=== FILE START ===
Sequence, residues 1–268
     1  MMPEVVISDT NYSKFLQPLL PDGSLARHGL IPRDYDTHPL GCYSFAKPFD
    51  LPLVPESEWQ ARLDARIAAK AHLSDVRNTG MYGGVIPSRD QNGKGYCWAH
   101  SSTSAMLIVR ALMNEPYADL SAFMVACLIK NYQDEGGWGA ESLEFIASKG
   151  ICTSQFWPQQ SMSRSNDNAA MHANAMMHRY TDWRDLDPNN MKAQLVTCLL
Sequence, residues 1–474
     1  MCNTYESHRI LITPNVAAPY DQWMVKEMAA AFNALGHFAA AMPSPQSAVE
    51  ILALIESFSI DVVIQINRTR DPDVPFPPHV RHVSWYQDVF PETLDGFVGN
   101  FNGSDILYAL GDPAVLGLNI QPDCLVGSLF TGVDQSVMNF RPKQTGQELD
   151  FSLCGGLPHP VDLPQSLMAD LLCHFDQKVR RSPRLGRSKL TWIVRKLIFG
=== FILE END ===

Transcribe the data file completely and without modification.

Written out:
Sequence, residues 1–268
     1  MMPEVVISDT NYSKFLQPLL PDGSLARHGL IPRDYDTHPL GCYSFAKPFD
    51  LPLVPESEWQ ARLDARIAAK AHLSDVRNTG MYGGVIPSRD QNGKGYCWAH
   101  SSTSAMLIVR ALMNEPYADL SAFMVACLIK NYQDEGGWGA ESLEFIASKG
   151  ICTSQFWPQQ SMSRSNDNAA MHANAMMHRY TDWRDLDPNN MKAQLVTCLL
Sequence, residues 1–474
     1  MCNTYESHRI LITPNVAAPY DQWMVKEMAA AFNALGHFAA AMPSPQSAVE
    51  ILALIESFSI DVVIQINRTR DPDVPFPPHV RHVSWYQDVF PETLDGFVGN
   101  FNGSDILYAL GDPAVLGLNI QPDCLVGSLF TGVDQSVMNF RPKQTGQELD
   151  FSLCGGLPHP VDLPQSLMAD LLCHFDQKVR RSPRLGRSKL TWIVRKLIFG